The fuel pressure is checked when the engine idles unevenly, does not develop enough power, or stalls
Unscrew the protective cap of the fuel rail diagnostic fitting.
Connect the pressure gauge hose to the diagnostic fitting of the fuel rail.
If necessary, the pressure in the fuel rail can be measured with a homemade device, made from a pressure gauge from a foot pump.
Before connecting such a pressure gauge, it is necessary to relieve the fuel pressure.
After this, unscrew the spool valve from the fuel rail fitting.
This can be done with a metal cap from the wheel nipple.
To connect the pressure gauge to the fuel rail fitting, use a piece of gas-resistant hose of a suitable diameter.
The ends of the hoses must be securely secured with clamps.
Turn on the ignition.
In this case, the fuel pump will work for a few seconds, wait until the pump stops working, turn off the ignition.
To remove air from the pressure gauge, lower the end of the drain tube into a small container, unscrew the bleeder fitting of the pressure gauge ⅓-½ turn and release excess gasoline pressure from the fuel rail.
This will remove air from the pressure gauge hose.
Turn in the bleeder fitting until it stops.
Start the engine and measure the operating pressure in the fuel rail at different crankshaft speeds.
For a working engine it should be in the range of 378-390 kPa (3.8-3.9 bar).
Turn off the ignition.
Having lowered the end of the tube into the container, open the fitting and relieve pressure from the system.
Disconnect the pressure gauge from the diagnostic fitting of the fuel rail.
Screw the protective cap onto the fuel rail fitting.
If the operating pressure in the fuel rail is unstable or higher than normal, then the fuel pressure regulator is faulty.
Low pressure (less than normal) can also be caused by a malfunction of the regulator.
The fuel pump strainer may be clogged, or the fuel pump is not developing the required pressure; to clean the strainer you will need to remove the fuel module.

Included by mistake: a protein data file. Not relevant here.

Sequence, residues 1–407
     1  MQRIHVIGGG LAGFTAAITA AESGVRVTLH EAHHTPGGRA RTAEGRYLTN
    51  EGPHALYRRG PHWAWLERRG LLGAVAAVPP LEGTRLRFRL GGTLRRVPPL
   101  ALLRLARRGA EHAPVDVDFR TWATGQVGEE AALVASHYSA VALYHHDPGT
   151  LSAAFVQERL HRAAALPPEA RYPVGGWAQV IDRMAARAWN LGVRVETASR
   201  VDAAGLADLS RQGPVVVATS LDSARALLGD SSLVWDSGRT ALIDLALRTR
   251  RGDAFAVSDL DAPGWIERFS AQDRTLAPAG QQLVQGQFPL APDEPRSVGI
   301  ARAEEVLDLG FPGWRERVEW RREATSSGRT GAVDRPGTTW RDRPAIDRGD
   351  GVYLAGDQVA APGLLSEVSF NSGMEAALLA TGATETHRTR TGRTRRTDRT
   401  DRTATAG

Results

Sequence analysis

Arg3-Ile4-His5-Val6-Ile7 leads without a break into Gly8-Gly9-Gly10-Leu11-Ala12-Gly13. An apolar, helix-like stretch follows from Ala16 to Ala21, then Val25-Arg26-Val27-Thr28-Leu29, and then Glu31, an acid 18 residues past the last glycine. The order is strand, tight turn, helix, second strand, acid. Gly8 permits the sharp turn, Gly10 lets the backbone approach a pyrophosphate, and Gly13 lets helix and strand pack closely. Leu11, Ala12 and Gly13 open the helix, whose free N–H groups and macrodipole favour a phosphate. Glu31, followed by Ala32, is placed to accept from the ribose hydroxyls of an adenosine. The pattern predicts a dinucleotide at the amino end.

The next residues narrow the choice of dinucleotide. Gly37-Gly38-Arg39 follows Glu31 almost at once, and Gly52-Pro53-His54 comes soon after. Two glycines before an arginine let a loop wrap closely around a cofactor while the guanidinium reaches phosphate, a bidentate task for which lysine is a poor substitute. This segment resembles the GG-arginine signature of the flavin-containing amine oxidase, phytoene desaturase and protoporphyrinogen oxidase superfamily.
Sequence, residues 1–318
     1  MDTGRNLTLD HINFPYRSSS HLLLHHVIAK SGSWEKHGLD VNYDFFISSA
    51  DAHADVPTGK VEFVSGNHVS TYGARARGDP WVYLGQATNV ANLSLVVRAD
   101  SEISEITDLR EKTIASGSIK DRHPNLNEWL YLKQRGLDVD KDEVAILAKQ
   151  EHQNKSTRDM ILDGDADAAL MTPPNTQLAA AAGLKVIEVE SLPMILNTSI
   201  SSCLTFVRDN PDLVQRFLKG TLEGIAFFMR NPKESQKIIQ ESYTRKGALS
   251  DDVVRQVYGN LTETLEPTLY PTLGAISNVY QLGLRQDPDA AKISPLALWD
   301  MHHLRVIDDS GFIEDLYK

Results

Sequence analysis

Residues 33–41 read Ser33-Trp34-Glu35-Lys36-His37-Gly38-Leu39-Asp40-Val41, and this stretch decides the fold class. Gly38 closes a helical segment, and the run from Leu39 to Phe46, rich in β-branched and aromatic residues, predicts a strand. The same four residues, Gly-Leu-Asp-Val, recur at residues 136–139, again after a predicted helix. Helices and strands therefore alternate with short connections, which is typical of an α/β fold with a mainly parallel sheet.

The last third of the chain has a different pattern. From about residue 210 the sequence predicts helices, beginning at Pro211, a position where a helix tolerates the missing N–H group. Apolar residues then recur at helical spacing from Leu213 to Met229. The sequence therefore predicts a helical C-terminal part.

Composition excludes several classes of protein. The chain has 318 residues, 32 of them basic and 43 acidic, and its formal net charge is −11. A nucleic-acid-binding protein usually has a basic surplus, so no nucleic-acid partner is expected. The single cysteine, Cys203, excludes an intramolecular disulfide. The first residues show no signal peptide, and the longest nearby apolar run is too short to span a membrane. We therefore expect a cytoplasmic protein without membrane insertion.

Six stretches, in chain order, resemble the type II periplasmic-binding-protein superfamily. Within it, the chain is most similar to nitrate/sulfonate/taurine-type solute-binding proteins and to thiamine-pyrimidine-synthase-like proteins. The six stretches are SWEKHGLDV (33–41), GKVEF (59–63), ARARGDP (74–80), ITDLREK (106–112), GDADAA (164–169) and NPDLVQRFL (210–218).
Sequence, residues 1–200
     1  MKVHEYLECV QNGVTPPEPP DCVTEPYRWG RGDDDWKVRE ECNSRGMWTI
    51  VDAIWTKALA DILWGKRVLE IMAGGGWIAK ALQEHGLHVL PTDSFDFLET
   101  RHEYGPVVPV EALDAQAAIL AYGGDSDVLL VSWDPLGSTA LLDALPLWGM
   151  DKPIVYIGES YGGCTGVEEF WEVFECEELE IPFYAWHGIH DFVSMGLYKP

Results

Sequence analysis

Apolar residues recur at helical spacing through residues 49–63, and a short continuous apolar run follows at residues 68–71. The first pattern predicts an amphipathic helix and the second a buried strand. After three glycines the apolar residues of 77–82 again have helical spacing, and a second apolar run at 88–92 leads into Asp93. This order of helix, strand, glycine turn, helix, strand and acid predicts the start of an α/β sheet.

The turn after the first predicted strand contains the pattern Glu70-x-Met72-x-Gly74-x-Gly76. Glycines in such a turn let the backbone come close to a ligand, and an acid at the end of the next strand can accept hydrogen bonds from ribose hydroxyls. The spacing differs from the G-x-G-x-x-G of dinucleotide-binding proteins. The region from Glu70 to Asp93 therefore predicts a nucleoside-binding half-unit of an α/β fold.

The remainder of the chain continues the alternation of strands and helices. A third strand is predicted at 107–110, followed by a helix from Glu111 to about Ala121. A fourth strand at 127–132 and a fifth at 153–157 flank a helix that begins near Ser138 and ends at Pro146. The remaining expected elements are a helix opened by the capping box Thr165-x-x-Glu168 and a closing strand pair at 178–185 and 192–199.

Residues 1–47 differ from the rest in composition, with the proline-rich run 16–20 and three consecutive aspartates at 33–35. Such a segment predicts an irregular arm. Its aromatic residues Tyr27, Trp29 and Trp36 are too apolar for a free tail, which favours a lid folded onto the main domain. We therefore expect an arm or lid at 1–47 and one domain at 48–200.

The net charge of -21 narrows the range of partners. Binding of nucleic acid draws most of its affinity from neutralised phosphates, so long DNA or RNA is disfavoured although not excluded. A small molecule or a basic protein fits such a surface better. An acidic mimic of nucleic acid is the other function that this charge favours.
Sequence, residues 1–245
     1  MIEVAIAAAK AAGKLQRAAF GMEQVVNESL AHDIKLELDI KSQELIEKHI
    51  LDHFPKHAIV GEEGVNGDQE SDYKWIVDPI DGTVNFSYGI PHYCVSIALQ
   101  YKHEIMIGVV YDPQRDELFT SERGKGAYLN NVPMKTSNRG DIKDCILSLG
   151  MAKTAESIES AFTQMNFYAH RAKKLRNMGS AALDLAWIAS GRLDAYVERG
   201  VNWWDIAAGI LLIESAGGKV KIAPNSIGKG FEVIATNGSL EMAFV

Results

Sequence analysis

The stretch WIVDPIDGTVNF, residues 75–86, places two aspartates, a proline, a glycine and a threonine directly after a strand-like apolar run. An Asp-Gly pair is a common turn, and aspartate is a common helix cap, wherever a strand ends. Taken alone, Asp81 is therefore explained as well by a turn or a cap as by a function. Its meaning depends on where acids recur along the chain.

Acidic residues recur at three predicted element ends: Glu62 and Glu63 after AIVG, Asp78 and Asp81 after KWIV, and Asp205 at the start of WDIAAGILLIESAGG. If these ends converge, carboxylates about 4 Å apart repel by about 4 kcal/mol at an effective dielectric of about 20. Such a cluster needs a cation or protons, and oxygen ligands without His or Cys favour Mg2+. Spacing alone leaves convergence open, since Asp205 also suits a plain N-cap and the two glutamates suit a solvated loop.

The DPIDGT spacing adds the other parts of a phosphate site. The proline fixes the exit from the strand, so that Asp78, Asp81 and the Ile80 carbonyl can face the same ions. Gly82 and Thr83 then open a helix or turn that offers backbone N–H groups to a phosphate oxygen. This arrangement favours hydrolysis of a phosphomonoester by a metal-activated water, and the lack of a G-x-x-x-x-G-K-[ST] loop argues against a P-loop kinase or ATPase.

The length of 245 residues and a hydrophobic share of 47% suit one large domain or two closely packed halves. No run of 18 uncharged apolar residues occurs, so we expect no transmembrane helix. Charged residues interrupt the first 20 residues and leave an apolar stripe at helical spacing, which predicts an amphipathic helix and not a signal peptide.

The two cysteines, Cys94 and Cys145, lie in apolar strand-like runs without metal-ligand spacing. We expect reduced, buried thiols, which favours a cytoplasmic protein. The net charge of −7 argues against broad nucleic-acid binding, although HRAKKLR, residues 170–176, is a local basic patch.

You can verify that the pressure regulator and fuel pump are faulty by replacing them with known good ones. You can also replace the fuel module assembly.
To check the fuel filter for contamination, you need to remove it, drain the remaining fuel from the filter and blow it through a piece of hose (you can use your mouth).
The resistance to air passage when blowing should be insignificant.
Otherwise, we replace the fuel filter with a new one, which we recommend always keeping in stock.
We check the condition of the fuel module strainer after dismantling and disassembling the fuel module.
If the mesh filter is very dirty, clean and rinse it.
If the fuel pressure in the engine power supply system is low and continues to drop after the pump is turned off, this may be due to leaky connections between the pump and the fuel pressure regulator with the module cover, a faulty pump, or leaking injectors.
To find the cause of the malfunction, turn on the fuel pump again and, after stopping it, completely pinch the rubber hose supplying fuel to the ramp.
If the fuel pressure stabilizes, then the fuel module connections are leaking or the pump is faulty.
If the pressure continues to drop, one or more injectors are leaking.
A leaking injector can usually be identified by the dark color of its nozzle, which contains coked droplets of fuel.
To check the serviceability of the fuel pressure regulator (at low pressure in the rail), connect the pressure gauge hose directly to the outlet fitting of the fuel module cover.
Turning on the ignition, measure the fuel pressure.
If the fuel pressure in the system is more than 4.0 bar, it means that during the previous check the regulator released pressure too rapidly and needs to be replaced.